Hyperbole and a Half by Allie Brosh


Allie Brosh is something of a personal hero(ine) of mine. I don’t remember how I came across her blog, but I do remember that the first time I visited it, I spent the next few hours reading her entire archive of posts, actually laughing out loud. Her blog (and the resulting book) is sort of a memoir–she’s a bit like David Sedaris, in that her stories are based in reality but clearly exaggerated and adjusted to maximize humor–and sort of an assortment of ramblings on random topics. Mostly, it’s made up of illustrated stories about her two dogs, her childhood escapades, and, especially recently (and most poignantly), her struggles with anxiety and depression.

First of all, I dare you to read one of the pieces in the book and not laugh, or at least crack a smile. It’s fundamentally impossible. Brosh is just flat-out hilarious, and this book was so much fun to read. There’s just something about the amateurish MS-Paint drawings combined with her self-deprecating and slightly sarcastic humor that just kills me, and I don’t remember the last time I had so much fun reading a book. As a fan of the blog, I was happy to see some of her classic pieces included (the birthday cake story is one of my favorites), and loved seeing some new ones, too (the pinecone hunting incident is hilarious). She manages to keep the humor consistent throughout, which I appreciated, although I don’t necessarily recommend reading straight-through like I did. Her humor is more effective in smaller doses, I think, and I’m going to have to revisit some of the pieces towards the end to fully appreciate them.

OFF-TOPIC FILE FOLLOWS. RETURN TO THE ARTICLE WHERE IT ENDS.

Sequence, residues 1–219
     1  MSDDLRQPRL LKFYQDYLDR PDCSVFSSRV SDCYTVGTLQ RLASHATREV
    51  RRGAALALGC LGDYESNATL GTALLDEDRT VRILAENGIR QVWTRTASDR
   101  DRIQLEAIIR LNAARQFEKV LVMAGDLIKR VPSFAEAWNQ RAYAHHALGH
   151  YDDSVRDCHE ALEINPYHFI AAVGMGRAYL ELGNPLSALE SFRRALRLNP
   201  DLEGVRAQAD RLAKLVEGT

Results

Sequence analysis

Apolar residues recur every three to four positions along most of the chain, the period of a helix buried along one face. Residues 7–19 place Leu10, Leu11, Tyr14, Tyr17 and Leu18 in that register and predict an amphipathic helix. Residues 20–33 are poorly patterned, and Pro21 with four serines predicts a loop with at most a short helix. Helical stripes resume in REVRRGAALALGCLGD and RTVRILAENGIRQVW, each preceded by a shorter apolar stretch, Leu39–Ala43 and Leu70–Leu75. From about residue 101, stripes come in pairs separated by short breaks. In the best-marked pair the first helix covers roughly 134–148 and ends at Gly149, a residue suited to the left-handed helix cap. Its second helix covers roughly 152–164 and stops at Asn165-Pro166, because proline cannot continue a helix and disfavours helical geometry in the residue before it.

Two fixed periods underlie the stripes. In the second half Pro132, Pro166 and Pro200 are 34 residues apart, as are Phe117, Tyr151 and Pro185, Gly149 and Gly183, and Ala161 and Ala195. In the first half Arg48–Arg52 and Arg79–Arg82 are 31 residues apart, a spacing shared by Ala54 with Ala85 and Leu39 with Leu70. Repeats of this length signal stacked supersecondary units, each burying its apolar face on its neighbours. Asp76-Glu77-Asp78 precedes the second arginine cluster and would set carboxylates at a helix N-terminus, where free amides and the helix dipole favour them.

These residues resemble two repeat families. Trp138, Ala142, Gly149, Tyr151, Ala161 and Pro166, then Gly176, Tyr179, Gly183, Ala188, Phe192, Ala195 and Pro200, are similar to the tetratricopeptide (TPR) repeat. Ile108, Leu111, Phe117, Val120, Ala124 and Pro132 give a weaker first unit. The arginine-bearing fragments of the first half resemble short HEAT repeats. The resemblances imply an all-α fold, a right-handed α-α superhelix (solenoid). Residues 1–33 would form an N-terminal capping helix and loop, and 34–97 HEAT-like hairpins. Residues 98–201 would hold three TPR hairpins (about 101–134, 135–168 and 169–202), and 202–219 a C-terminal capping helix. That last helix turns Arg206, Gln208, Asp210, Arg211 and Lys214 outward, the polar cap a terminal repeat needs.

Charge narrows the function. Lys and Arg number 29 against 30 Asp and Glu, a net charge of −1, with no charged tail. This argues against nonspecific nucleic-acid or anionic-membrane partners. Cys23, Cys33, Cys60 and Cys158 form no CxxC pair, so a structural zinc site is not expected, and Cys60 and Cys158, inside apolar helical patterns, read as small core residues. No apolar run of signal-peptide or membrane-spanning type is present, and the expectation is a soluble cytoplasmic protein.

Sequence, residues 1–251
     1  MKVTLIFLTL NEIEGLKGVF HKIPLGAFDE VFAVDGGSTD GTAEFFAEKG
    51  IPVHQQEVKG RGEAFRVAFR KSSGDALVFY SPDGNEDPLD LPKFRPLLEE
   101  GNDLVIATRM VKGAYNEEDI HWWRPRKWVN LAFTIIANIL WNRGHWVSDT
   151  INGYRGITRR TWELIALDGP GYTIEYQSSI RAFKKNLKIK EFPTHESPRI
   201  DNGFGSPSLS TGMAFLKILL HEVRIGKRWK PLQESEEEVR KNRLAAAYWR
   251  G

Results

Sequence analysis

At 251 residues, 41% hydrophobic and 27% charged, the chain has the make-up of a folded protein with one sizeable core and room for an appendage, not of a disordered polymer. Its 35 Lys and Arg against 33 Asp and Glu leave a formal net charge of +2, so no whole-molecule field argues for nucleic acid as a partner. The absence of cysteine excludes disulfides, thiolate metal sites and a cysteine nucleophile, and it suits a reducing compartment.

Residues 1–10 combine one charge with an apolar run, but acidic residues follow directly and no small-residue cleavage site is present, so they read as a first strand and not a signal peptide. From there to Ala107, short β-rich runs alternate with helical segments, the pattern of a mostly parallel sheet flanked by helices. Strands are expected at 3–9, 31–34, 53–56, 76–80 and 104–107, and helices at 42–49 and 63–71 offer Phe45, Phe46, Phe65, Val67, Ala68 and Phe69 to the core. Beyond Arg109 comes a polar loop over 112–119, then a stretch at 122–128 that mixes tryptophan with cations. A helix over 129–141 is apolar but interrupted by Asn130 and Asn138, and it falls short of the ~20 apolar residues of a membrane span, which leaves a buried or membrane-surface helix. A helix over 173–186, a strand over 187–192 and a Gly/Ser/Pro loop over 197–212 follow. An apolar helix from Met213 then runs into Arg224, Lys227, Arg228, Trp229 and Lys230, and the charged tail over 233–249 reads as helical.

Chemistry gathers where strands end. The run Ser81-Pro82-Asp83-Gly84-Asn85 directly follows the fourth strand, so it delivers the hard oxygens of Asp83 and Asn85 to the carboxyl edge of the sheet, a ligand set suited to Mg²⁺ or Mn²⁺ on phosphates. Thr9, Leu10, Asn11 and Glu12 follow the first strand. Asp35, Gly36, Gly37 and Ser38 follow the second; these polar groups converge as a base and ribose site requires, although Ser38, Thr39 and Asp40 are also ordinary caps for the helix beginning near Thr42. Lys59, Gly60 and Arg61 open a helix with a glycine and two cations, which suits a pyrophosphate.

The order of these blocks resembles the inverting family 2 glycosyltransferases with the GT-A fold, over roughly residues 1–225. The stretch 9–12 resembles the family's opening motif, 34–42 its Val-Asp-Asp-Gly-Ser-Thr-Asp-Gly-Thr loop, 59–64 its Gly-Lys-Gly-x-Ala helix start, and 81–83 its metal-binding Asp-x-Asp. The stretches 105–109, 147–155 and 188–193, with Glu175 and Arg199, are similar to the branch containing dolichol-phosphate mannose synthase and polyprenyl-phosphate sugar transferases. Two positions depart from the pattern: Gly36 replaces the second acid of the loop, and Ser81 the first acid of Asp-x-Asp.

The two true stand-outs of the collection, though, are two pieces (well, technically three–one’s a two-parter) that deal with Brosh’s experiences with mental illness. You wouldn’t expect (or I didn’t, at least) for some of the most accurate, uncomfortably true-to-life depictions of living with depression to come from a cartoon. And yet that’s what Brosh has created–it’s still funny, in that awkward way when you’re recognizing yourself in what you’re reading, but it’s powerful in its honesty. Depression is generally, in my experience anyway, glossed over or dramatized to a degree that most people can’t relate to. But what Brosh portrays is the depression that feels a whole lot more real, the kind you’re almost slightly embarrassed by, because surely it could be worse. Hers (and mine, and I suspect a lot of peoples’) is not really something that feels newsworthy, or worthy of being covered in a book or a movie. It feels like something that needs to be sucked up and dealt with, or ignored, or something to be played down. And that’s one of the things I love most about Hyperbole–it’s bringing attention to the fact that depression is depression and just because one person’s might be a lot more visible, or a lot closer to what people imagine when they think of the word, doesn’t discount another person’s experience with the same illness. But despite the serious and important subject matter, Brosh is never preachy, and never gets into after school special territory, and, most importantly, never stops being funny. And that’s how I know Brosh is the real deal, and shouldn’t be discounted just because her medium is a little bit different from what’s considered the norm.

If you’re a tried-and-true Hyperbole fan, this is well worth the money to own. I would have perhaps liked more new content, but I’m also happy to have my favorite pieces from the blog in book form. If you’ve never read anything by Brosh before, this is a great place to start–and once you’re done, go check out her archives.


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